I made this toy for my nephew's 1st birthday. It teaches babies that an input into a computer causes a certain output.

It has three different inputs and three different outputs designed to engage, develop the mind, and be fun!

The first button turns on/off the LED in the star.
The round knob changes the brightness (PWM) of the LED in the heart.
The momentary button turns on a buzzer.
When the star LED and the buzzer are on at the same time the heart LED will turn red.

You can add more complexity if you'd like, but since my nephew is only 1 year old I thought I'd start off simple. 

Step 1: Components and Tools

As many projects start, I found random parts that were laying around my room, and bought a couple additional things.

The parts are listed in the photo, but here are a few notes to help explain things:

I used an Arduino Duemilanove. You can use any Arduino as long as there are 7 digital (3 of them PWM), and 1 analog I/O ports. 

The control knob I used fits the 1/4" shaft of the potentiometer. Make sure you buy a knob that has a set screw so that the baby can't easily pull it off the toy.

The resistors you need depend on what LEDs you use, what brightness you want, and desired buzzer loudness, etc. For the red 3mm LED (used for on/off status) I used a 390 ohm resistor. I used a 330 ohm resistor in the buzzer circuit so that the 'buzz' wouldn't be extremely loud. I used a 10k ohm resistor for the pushbutton switch and the rocker switch. For the yellow LED I used a 300 ohm resistor, and for the RGB LED I used 770 ohm resistors because the LED was super super bright. 

I used 3 screws to attach the Arduino board to the case, 2 screws to attach the buzzer and 4 screws to attach the back plate. Screws work nicely because the threads are big and grab into the plastic case. Use whatever sizes fit your components. 

Everything should be available for purchase at RadioShack, although they're also available at higher quality stores.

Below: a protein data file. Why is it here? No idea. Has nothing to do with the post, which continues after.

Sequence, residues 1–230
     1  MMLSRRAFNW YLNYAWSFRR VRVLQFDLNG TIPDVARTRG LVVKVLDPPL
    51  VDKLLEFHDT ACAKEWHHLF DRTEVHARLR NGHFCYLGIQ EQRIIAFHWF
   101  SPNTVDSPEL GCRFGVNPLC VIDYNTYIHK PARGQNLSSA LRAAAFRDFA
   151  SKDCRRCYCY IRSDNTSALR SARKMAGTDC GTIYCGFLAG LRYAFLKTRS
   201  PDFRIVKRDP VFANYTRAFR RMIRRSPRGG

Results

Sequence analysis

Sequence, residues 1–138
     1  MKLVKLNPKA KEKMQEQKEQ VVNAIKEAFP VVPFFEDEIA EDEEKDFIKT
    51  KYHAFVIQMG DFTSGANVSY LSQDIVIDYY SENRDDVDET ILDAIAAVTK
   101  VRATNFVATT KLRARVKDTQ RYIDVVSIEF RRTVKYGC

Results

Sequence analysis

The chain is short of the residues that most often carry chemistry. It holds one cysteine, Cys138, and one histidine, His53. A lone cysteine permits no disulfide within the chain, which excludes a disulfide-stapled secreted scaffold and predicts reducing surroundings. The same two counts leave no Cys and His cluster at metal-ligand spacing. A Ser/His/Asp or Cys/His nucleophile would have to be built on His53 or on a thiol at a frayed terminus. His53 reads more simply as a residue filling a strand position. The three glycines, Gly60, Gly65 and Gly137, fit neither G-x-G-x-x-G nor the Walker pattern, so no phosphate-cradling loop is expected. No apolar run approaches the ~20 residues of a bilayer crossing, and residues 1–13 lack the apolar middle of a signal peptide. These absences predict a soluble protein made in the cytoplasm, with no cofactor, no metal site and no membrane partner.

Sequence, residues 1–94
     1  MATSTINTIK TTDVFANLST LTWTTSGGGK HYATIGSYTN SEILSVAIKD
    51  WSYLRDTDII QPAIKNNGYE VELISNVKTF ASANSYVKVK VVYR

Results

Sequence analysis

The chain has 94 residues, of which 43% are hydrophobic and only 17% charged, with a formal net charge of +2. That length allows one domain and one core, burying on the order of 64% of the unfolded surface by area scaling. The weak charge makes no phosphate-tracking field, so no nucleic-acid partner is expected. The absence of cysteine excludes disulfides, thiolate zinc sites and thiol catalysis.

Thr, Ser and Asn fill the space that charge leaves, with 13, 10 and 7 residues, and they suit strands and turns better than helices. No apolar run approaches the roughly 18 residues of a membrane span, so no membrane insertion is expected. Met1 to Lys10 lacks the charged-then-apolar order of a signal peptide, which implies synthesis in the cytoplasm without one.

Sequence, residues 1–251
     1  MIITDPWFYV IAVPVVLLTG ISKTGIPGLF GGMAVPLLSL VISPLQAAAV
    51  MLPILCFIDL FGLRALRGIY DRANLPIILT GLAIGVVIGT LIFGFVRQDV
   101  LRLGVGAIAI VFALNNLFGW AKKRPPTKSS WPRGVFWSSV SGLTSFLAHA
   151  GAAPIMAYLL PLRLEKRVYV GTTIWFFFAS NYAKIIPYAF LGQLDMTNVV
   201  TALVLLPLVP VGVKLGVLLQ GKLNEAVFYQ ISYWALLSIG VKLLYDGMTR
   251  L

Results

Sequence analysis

For tools you will need a soldering iron and 3D printer. If you don't have a 3D printer you can mount the switches into a box or send your file to a company that can print the case for you. You'll also need odds and ends like a screwdriver, wire cutters, solder...

Here are links to the parts I used:
Momentary pushbutton switch
Rocker switch
Control knob
3mm red LED
Arduino Duemilanove
Rotary potentiometer
Yellow LED 5mm
9v battery connector
Toggle switch
Heat shrink
Replicator 2 3D printer
Solder station

I love it. However, it does seem a little overkill to use an Arduino rather than discrete components for some of the functions at least.
Excellent ! Wow , Auntie Lisa has made a &quot;toy&quot; that I am sure will be cherished for many years to come ! The entire instructable is so well done and the craftswomanship is superb !! <br>Thank you for sharing with the community ; keep up the awesome work ! <br>Build_it_Bob ( the soon to be Grandpa ! ) <br>
Just WOW!
I like very much how, when babies are really &quot;entertained&quot;, they don't smile :-)
Bode is loving his new toy! We play with it every day. Thanks again!
Nice work Lisa! Going to have a scary smart nephew there.
Brilliant!! And your nephew is so adorable!!!
Awesome idea!
I like!

About This Instructable




Bio: *Life-long roboticist *Mission: saving the planet
More by xLisax:How to Make a Smart Baby 
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